Rubric Analysis Journal

EDU 645: Learning & Assessment for the 21st Century

When we look at both the Exemplars Math Rubric and the Exemplars Reading Rubric, we see two models that opt to make use of the “top-down” approach in assessing students. This style is about the students first being able to witness the “big picture” about a subject and then through immersion, they can be placed squarely inside of that “big picture” without necessarily needing to see the smaller facets that are used to create that picture. However, once the pieces that make up the big picture are addressed, it is through a gradual process which may be easier for students. Both rubrics make use of this approach and heavily rely on being deductive over inductive while using a series of guidelines that are build on the foundation of sound conceptual framework. This framework analyzes different levels of student performance and act as the criteria for the qualifications of understanding the “big picture.” (Brookhart, 2013)

The Exemplar standard base primarily includes problem-solving, using reasoning and proof, communication (student to instructor, peer to peer), making tangible connections, and the representation of material learned. These criteria can guide the practitioner and assist in giving reports. In addition to meeting these criteria, the rubrics can start from a novice level of performance (novice being the lowest performance level available) and build on advancement of skills and learning to advance to higher levels of competency. This is certainly the case with the exemplary rubric for reading in which there are four levels of competency: novice, apprentice, practitioner, and expert. In knowing what level, a student falls in, educators can know what category their students fall into before and after submissions are completed.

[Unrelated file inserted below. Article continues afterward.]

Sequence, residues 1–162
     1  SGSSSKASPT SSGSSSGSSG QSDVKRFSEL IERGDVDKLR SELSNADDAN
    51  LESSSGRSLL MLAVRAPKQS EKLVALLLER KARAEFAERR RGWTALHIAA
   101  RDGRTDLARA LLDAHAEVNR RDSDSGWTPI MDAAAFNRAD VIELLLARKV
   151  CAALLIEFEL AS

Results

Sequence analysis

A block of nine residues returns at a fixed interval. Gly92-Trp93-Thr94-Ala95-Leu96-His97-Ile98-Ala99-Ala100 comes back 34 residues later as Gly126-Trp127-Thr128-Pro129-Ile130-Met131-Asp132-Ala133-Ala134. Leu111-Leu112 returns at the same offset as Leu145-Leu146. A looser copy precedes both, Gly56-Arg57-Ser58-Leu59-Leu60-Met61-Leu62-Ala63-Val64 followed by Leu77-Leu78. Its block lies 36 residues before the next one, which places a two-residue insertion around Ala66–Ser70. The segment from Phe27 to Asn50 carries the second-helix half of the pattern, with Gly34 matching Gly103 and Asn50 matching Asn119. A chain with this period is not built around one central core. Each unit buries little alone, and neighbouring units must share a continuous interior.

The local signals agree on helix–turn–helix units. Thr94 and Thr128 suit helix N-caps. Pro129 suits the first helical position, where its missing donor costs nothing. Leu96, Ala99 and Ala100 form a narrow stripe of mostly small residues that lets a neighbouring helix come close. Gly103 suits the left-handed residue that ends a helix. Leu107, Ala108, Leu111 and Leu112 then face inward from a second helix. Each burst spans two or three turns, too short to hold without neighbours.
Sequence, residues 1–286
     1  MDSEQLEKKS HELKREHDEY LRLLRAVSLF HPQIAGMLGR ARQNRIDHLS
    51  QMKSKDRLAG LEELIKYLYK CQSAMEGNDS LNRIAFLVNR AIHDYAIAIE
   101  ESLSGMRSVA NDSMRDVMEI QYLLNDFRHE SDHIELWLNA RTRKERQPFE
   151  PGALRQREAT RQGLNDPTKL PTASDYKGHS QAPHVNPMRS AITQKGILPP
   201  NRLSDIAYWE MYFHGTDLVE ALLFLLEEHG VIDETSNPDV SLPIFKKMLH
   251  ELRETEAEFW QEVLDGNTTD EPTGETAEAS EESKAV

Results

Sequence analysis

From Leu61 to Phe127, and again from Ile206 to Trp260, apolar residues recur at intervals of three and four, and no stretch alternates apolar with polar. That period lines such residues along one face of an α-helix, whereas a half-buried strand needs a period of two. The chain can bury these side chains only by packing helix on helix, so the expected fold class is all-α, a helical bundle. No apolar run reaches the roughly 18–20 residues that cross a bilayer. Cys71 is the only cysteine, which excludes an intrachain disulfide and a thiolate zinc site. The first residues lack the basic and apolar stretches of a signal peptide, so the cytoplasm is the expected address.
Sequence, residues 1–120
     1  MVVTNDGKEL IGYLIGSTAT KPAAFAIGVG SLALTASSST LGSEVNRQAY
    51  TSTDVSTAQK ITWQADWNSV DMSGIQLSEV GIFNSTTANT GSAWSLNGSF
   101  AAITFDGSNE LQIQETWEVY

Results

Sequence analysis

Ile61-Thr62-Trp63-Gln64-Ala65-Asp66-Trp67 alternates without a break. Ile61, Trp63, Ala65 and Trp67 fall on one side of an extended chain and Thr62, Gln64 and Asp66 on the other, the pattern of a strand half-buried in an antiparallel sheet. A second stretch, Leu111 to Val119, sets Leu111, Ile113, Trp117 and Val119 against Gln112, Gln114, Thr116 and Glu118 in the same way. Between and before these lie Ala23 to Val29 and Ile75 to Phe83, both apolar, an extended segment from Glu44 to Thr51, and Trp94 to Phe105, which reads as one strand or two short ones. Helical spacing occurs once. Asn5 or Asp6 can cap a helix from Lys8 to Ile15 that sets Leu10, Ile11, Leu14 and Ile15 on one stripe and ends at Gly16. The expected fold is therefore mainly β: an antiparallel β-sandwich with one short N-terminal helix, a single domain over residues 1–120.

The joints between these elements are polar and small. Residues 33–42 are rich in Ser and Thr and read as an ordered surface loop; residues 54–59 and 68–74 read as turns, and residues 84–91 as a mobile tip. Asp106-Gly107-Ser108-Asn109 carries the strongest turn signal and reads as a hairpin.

The Exemplars Reading Rubric and Exemplars Math Rubric both offer a level of detailed performance evaluation based on their level and marks criteria based on the results of the analysis. Math and reading differ in the criteria that is marked to the extent that there is some level of subdivision within the context of the lesson, choosing to reward students for objectives achieved that fall in a subset and not necessarily in the “big picture”. In example, novice students will not provide detailed responses based on evidence. This differs from the “expert” in that, they would be able to organize their thoughts, strategize and visual their response, and provide proof of evidence with their answer. The difference in these levels of performance are concerned with how students process the content and analyze the subject matter they have learned.

These rubrics are supportive of students and the learning process. They give students and instructors the tools to help with detailed thinking skills and they assist the student in being able to master the content. They help the student in analyzing their ability to compare, classify, analyze data and errors, devise support and interpret intent. They also help students learn to make decisions and investigate material. They are all working to the benefit of the student and the instructor, especially when it comes to grading and understanding how a student arrives at the answer they do.